The Untold Story of African ccTLDs

In my Infostate of Africa graphic I tried to bring attention to one of the geekier problems facing Africa: the issue of country-code Top Level Domain (ccTLDs) and why only a fifth of African countries own and control them. For those of you who aren’t sure what this means, think .us, .uk, .nz, .jp etc. (United States, United Kingdom, New Zealand, and Japan respectively), all those domains are owned, controlled by and managed from the countries they represent. Not the case in the majority of African countries.

In her post African TLD issue sparks heated debate, Rebecca Wanjiku explains why…

African countries struggling to take over management of their country-code Top Level Domains (ccTLDs) should invest in servers and training engineers to operate registries before complaining, said Ann Rachel Inne, Africa region liaison at the Internet Corporation for Assigned Names and Numbers (ICANN).Some of the countries complaining about the TLD delegation process have not invested in the technology necessary to manage their own TLDs, Inne said. They lack databases showing how many domains exist under the country code, she said.

This has lead to many of Africa’s ccTLD’s to be managed and operated by foreign private companies or individuals.

Rwanda, Congo (Brazaville) and the Democratic Republic of Congo complained that their ccTLDs are operated by a Belgian living in Switzerland, and that pleas to ICANN for repatriation of the domain management have not yielded results.

The Rwanda ICT Association has been trying to redelegate management of the .rw TLD for two years, according to Pierre Claver Secyugu, a government delegate from Rwanda. “We hoped to complete the redelegation process in three months.”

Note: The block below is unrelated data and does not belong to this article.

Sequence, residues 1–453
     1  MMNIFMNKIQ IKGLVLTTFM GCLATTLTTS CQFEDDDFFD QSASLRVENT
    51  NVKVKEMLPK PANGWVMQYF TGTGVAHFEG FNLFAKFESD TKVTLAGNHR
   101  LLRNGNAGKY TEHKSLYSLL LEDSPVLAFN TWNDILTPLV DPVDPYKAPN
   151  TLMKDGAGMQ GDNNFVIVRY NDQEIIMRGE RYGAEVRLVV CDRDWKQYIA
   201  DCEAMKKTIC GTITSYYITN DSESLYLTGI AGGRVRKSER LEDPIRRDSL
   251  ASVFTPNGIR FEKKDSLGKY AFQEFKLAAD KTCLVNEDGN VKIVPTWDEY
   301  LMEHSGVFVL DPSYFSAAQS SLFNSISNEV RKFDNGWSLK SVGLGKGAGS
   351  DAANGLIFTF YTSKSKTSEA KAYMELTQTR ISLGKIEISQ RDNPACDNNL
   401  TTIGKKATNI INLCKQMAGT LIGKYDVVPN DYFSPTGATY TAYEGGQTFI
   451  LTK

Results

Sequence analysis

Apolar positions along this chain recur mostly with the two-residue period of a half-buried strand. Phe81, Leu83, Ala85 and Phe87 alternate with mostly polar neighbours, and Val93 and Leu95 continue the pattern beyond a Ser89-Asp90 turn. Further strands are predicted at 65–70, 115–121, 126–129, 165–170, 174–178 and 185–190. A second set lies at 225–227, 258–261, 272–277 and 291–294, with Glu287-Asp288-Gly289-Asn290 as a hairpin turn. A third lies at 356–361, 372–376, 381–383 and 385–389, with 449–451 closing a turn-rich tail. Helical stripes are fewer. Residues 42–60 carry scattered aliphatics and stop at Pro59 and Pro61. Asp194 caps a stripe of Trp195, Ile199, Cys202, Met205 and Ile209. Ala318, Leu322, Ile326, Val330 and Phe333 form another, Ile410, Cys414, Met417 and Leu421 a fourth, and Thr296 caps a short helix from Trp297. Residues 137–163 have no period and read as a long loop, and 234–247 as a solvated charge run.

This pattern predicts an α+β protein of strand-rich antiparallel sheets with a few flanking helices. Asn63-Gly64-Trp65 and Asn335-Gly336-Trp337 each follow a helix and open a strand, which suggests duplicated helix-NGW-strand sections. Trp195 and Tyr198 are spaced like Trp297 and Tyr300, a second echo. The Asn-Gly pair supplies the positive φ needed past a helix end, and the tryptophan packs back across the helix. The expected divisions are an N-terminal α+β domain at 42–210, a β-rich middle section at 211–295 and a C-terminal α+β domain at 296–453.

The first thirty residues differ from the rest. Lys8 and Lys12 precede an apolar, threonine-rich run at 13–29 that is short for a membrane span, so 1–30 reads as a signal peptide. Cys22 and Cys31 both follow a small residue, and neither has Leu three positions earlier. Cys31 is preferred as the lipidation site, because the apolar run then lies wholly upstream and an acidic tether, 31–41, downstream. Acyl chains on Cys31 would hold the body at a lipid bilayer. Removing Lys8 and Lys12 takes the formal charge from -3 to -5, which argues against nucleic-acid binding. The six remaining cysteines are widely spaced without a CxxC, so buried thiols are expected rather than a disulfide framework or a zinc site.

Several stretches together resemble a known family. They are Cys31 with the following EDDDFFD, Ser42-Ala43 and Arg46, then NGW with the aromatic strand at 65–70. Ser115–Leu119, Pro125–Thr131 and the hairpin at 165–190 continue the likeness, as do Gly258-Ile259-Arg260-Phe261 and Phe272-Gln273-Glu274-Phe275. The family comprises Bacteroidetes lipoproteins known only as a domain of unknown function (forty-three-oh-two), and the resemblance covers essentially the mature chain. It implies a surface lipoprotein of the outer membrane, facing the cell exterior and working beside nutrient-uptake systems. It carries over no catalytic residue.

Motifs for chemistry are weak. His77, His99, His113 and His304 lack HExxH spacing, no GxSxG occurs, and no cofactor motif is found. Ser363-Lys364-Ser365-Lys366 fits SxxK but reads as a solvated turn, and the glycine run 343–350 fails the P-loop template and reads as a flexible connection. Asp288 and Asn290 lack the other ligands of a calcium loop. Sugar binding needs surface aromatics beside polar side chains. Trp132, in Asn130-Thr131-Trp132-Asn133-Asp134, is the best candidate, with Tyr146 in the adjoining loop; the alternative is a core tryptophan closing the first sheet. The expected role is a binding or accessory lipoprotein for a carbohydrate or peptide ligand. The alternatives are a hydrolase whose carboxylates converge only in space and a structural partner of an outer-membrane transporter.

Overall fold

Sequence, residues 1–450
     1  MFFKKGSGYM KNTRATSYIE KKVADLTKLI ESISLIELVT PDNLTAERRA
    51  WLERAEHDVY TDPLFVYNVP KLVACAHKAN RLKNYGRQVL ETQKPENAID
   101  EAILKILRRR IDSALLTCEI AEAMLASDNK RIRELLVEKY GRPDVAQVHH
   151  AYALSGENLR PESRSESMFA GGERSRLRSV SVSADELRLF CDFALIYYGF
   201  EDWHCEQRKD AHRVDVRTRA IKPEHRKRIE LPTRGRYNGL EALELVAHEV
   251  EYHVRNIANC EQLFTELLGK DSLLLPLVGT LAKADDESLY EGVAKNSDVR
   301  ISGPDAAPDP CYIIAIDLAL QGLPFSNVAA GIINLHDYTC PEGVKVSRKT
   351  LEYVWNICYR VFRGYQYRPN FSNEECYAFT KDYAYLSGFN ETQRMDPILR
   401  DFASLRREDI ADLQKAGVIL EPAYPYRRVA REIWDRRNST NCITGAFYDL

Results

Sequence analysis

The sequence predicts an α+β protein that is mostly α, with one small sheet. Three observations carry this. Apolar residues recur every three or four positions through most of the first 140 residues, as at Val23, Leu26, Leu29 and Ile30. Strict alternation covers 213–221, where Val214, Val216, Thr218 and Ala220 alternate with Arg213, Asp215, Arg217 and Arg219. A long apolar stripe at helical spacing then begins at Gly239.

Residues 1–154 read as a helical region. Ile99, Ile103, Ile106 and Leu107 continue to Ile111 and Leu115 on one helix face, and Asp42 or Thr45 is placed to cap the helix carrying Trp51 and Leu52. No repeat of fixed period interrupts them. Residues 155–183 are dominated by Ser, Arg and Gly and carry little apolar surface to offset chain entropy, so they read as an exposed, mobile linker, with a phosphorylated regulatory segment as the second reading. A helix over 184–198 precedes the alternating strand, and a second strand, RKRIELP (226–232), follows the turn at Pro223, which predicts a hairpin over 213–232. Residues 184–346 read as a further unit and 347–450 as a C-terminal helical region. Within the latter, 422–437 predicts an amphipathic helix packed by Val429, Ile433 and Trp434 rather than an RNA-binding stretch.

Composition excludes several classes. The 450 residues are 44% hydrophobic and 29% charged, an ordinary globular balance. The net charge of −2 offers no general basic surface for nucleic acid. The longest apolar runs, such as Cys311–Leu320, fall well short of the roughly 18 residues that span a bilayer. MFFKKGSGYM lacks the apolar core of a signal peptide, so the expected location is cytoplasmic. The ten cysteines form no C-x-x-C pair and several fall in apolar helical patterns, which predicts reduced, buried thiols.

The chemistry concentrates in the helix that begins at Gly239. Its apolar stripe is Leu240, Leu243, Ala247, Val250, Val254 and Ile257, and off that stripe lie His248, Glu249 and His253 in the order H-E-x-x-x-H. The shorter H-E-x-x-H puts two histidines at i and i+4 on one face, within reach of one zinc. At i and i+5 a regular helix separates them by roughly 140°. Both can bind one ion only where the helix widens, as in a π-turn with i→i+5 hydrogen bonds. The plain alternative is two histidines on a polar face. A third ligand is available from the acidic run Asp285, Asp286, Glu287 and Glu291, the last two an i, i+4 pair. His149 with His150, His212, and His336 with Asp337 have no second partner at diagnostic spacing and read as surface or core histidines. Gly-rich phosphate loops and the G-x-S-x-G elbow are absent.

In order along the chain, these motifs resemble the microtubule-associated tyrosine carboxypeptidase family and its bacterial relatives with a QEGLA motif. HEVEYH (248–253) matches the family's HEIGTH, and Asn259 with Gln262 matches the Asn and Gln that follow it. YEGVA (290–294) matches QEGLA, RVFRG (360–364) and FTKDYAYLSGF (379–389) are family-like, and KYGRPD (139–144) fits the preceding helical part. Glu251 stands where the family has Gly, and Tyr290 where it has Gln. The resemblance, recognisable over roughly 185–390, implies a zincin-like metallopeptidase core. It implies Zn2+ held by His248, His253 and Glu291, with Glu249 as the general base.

Mauritius has one of the most developed ICT infrastructure in the continent, but Mohammed Asraf Ally Dulull, minister of Information and Communications Technology, said that country has yet to take management of the .mu domain from an individual operating in California with servers in different parts of the world.

Africa’s ccTLDs - .ao, .bf, .bi, .bj, .bw, .cd, .cf, .cg, .ci, .cm, .cv, .dj, .dz, .eg, .eh, .er, .et, .ga, .gh, .gm, .gn, .gq, .gw, .ke, .km, .lr, .ls, .ly, .ma, .mg, .ml, .mr, .mu, .mw, .mz, .na, .ne, .ng, .re, .rw, .sc, .sd, .sh, .sl, .sn, .so, .st, .sz, .td, .tg, .tn, .tz, .ug, .za, .zm, .zw

The map above shows the country-code top-level domains (ccTLD) of the African continent. Africa has more recognized countries than any other continent but only 10 of the ccTLDs have functional registries within the African countries they belong to. The Internet Assigned Numbers Authority now allows sponsored top level domains. .ASIA is one of them. Could this pave the way for the .AFRICA sTLD?

Share and Enjoy:
  • Twitter
  • Digg
  • Facebook
  • Google Bookmarks
  • muti
  • StumbleUpon
About the author: Jonathan Gosier is a UI designer, software developer and writer. He currently lives in Kampala, Uganda where he incubates and invests in East African entrepreneurs as the CEO of Appfrica Labs. He's also a TED Fellow.
This entry was posted in Infographics, Technology and tagged , , . Bookmark the permalink. Trackbacks are closed, but you can post a comment.

Post a Comment

Your email is never published nor shared. Required fields are marked *


You may use these HTML tags and attributes: <a href="" title=""> <abbr title=""> <acronym title=""> <b> <blockquote cite=""> <cite> <code> <del datetime=""> <em> <i> <q cite=""> <strike> <strong>

Comment moderation is enabled. Your comment may take some time to appear.